Judge's ex-wife told not to talk
FBI wants silence on his alleged visits to site with porn links
By Fernando Quintero
Rocky Mountain News
Tuesday, August 14, 2007
VAIL - The ex-wife of the federal judge who presided over the
high-profile trial of former Qwest CEO Joe Nacchio said Monday
the FBI told her to no longer comment about his possible use of
his federal computer to access a Web site with links to porn.
The allegation against U.S. District Judge Edward Nottingham
came just days after the judge's visits to a Denver strip club
were made public when a local TV station reported it had
obtained transcripts of his divorce proceedings.
Marcie Jaeger, who divorced Nottingham in July, denied that she
turned her divorce files over to the station, as reported. She
also denied ever talking with Denver police about Nottingham, as
was also reported Sunday.
"I didn't talk to them. I didn't turn anything over to them,"
said Jaeger as she was leaving her large mountainside home near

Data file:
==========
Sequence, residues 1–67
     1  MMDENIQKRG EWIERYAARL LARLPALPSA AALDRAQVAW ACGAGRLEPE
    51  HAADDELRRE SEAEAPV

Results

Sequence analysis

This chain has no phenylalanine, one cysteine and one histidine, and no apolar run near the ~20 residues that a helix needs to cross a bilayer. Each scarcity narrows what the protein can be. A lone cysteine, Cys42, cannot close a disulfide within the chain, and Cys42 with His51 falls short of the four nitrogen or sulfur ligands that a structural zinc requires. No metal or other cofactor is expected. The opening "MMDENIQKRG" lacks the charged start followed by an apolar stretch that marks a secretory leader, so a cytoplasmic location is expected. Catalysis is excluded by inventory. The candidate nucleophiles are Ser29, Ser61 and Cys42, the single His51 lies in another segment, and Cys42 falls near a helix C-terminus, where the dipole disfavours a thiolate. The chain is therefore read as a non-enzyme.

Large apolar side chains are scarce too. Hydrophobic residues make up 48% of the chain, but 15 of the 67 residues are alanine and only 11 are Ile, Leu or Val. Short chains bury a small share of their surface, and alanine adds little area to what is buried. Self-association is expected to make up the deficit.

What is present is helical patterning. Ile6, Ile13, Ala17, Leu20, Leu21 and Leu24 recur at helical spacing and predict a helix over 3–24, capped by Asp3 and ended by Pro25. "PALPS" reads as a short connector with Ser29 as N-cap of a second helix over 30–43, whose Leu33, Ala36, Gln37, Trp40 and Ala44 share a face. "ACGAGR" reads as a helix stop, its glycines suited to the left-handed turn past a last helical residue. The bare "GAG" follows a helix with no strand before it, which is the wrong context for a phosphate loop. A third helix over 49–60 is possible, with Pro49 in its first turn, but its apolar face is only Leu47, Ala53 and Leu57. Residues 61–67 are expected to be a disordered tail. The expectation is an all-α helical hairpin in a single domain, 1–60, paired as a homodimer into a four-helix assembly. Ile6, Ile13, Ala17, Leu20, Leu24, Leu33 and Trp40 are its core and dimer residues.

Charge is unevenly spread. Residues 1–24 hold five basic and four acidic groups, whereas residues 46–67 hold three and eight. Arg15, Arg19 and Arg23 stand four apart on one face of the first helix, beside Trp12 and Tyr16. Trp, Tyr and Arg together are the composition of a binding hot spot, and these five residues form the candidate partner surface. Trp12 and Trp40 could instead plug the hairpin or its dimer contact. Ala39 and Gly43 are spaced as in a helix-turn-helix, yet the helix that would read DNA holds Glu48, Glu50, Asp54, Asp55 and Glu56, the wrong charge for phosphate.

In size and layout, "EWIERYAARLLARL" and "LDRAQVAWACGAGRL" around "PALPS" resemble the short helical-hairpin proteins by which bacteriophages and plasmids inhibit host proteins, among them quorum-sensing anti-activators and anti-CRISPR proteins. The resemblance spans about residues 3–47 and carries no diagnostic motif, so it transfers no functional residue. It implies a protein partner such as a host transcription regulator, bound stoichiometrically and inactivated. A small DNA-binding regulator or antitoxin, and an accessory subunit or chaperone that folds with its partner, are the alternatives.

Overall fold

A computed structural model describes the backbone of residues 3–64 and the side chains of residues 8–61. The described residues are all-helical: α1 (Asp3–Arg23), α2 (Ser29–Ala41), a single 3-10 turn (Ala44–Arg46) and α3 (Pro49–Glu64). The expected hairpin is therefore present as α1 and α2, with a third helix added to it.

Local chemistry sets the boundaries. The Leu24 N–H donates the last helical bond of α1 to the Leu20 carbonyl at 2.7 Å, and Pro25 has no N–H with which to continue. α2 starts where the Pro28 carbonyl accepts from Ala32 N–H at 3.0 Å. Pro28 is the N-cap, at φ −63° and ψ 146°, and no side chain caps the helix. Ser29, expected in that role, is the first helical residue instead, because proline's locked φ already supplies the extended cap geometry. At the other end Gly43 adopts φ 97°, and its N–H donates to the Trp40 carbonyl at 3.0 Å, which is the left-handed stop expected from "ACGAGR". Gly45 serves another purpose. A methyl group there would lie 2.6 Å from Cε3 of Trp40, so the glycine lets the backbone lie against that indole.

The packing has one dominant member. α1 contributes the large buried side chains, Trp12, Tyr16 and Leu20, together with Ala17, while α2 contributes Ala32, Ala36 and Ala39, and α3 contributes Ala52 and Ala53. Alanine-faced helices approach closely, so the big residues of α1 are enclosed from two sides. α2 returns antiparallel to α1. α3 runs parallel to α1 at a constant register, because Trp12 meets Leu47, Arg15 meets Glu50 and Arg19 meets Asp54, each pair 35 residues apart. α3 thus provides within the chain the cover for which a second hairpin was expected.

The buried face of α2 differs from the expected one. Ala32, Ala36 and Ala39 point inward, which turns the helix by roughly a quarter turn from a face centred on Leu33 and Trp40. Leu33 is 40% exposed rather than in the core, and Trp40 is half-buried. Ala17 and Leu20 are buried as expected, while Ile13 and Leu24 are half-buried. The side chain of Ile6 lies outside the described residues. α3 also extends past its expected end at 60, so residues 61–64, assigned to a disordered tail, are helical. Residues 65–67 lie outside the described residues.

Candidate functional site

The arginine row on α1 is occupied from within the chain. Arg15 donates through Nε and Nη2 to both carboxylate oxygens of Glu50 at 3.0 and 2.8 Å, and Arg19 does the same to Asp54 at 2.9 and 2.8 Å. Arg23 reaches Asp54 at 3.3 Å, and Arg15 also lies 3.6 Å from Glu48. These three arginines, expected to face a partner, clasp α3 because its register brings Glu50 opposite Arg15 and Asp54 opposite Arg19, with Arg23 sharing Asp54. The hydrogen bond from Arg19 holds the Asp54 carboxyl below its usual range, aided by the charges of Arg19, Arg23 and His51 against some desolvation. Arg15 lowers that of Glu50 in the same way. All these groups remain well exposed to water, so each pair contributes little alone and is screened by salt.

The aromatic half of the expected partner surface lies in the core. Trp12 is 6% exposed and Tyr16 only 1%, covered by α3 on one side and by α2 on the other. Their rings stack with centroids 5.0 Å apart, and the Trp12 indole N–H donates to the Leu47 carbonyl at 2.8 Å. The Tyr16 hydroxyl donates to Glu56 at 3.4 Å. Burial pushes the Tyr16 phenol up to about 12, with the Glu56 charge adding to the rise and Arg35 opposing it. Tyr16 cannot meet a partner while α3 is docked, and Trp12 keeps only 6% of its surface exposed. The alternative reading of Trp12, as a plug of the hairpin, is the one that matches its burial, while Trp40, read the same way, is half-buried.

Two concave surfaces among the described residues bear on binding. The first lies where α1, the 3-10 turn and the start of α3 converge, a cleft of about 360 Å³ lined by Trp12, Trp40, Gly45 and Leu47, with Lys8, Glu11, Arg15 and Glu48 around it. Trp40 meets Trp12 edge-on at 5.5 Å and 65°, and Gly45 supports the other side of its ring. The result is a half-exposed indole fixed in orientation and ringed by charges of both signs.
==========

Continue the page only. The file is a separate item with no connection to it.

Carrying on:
Vail to play golf and celebrate her birthday.
9News reported Thursday that divorce transcripts showed
Nottingham had spent $3,000 at the Diamond Cabaret, a topless
club. He issued a statement Friday that the allegations were
"private and personal matters involving human frailties and
The station quoted from transcripts of the divorce proceedings,
in which Nottingham said he was "ashamed and mortified" to admit
the expenditures at the strip club and said he couldn't remember
details of his two visits because he had had too much to drink.
9News reported that Nottingham admitted spending $150 on what he
called an "Internet dating site." The station identified the
Web site as -ipayfriendfinder.com, which offers links to
pornography, dating and other services.
"When I asked about the dating service, he turned around in his
chambers and he hit his computer and he told me all about the
dating service. It was a porn site," Jaeger said in court,
according to the station's report.
She gave a similar account in an interview with 9News broadcast
The station reported that the FBI had questioned Jaeger about
the possible improper use of his work computer. The FBI has
declined to comment.
In June, an Eagle County district judge ordered the couple's
divorce proceedings sealed from the public. Nottingham
requested the file be sealed, according to the order, and Jaeger
did not object.
Federal judges, who are appointed for life terms, are expected
to follow a judicial code of conduct. It reads in part: "A
judge must avoid all impropriety and appearance of impropriety."